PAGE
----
Hosting Thanksgiving dinner is a wonderful and terrible thing at once. It is great to be surrounded by family and friends, but the pressure of delivering the ideal Thanksgiving feast can humble anyone. Pairing some great wines with all the wonderful food adds an additional layer of pressure, so we thought that we would suggest some of our “go to” pairings that never let us down.
Thanksgiving at our house is a marathon, not a sprint. It is important to stay hydrated, so water pitchers are kept cold and handy. The day starts with the Macy’s parade fresh from the DVR. This pairs well with mimosas, or straight sparkling for most of us. There is very little reason in our minds to dilute nice sparkling with orange juice. We usually select sparkling wines from Ruby Hill or Domaine Carneros if we are feeling a bit expansive.
After the parade and champagne kickoff, we move to appetizers. That means a variety of cheeses, meats and pickled things of every description. The range of offerings is truly amazing, with something in every flavor profile. With the diversity of flavors presented, we many times serve a crisp, dry rosé, like those from Darcie Kent or the now-shuttered Lone Dove.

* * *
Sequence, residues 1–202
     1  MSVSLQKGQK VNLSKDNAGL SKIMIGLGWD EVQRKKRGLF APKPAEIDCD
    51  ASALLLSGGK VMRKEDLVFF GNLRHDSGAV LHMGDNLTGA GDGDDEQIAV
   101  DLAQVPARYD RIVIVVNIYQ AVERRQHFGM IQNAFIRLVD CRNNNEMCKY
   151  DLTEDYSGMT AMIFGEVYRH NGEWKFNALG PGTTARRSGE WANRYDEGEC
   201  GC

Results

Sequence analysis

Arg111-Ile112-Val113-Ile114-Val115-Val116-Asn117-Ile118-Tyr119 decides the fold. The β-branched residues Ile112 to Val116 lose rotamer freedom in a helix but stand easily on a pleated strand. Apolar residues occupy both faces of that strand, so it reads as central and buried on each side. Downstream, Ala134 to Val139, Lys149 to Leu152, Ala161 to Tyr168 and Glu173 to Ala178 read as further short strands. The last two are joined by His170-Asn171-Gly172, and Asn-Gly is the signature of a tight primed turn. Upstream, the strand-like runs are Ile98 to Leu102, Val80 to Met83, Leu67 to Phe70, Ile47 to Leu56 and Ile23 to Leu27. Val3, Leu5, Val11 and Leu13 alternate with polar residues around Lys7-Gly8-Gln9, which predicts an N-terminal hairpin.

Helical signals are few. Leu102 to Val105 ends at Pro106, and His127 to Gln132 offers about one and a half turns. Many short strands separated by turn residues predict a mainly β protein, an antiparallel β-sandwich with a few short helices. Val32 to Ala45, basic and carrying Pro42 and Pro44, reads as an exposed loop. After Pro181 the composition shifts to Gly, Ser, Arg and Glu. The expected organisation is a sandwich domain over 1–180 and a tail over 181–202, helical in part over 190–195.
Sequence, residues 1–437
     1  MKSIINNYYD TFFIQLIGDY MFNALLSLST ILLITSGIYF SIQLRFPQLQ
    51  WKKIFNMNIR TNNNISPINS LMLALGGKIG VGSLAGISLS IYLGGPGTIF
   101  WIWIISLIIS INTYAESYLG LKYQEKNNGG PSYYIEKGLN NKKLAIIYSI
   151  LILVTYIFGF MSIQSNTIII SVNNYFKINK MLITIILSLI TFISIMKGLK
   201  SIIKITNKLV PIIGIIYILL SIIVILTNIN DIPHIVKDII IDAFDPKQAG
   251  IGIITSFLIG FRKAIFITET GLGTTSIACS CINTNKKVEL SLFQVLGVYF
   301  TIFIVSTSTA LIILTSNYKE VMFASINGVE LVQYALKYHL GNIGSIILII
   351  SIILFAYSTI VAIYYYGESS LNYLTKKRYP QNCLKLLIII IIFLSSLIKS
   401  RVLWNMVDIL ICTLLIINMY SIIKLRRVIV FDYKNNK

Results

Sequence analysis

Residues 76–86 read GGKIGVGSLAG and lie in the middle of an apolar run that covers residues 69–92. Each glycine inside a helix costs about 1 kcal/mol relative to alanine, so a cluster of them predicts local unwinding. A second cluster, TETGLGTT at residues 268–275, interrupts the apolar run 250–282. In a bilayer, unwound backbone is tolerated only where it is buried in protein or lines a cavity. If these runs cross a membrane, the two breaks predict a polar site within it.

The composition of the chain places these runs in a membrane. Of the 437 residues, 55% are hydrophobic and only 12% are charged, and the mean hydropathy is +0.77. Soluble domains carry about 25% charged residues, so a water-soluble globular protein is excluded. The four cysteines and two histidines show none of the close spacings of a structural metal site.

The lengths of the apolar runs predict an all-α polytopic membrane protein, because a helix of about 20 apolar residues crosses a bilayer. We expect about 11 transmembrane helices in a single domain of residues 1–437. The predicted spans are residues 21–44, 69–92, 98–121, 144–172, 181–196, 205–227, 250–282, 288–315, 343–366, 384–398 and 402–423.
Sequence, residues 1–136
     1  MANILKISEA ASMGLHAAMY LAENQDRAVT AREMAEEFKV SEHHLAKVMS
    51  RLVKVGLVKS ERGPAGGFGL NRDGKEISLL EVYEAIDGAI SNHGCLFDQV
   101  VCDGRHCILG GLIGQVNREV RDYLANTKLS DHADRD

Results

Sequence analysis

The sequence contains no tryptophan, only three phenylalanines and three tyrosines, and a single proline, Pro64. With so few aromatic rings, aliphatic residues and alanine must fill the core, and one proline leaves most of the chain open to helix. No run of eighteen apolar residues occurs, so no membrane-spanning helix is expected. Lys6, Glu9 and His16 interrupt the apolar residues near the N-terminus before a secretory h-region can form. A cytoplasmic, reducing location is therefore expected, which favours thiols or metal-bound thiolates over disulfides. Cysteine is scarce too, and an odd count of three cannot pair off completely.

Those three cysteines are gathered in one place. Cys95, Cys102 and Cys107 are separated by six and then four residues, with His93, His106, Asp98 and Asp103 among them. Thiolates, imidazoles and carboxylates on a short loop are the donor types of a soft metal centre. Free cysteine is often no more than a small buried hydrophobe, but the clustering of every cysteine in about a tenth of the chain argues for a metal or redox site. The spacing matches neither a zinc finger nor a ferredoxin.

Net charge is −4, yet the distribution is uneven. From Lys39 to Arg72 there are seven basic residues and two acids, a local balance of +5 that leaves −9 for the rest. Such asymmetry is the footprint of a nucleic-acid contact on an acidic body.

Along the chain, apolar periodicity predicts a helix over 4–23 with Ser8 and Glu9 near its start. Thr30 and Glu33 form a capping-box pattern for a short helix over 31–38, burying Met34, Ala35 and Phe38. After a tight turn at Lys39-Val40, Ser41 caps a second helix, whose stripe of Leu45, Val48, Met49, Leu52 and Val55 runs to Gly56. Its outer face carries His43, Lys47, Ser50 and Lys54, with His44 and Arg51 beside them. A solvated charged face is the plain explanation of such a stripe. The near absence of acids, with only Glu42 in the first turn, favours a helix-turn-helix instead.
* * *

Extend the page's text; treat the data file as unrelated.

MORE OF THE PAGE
When it is time to present the turkey, many people like a medium-dry chardonnay from, say, Peju. We go in a different direction! Judi’s table has so much flavor and jest that we can serve wine with a lot more punch. Think a Petite Sirah from Eagle Ridge or a Carignane from Eckert Estate. Both have enough personality to match the bacon-enhanced stuffing and the long-simmered cranberry sauce.
The amazing pecan pie or chocolate mousse desserts are typically paired with a classic port. To be honest, dessert can take quite a while, as most guests sample a bit of each dessert. Even after an entire afternoon of eating, Judi’s desserts have no equal. Although we love a lot of ports, Thanksgiving calls for Livermore’s original port master, Cedar Mountain. Sometimes nothing else will do!
So that covers Thanksgiving at our house, from parade through dessert. What will you pair with your feast?
About the Author: John grills a mean steak and is always in the market for another wine fridge. Believes that if a winery has more than 10 employees, it's probably too big. Buys wine faster than he drinks it, but who cares?
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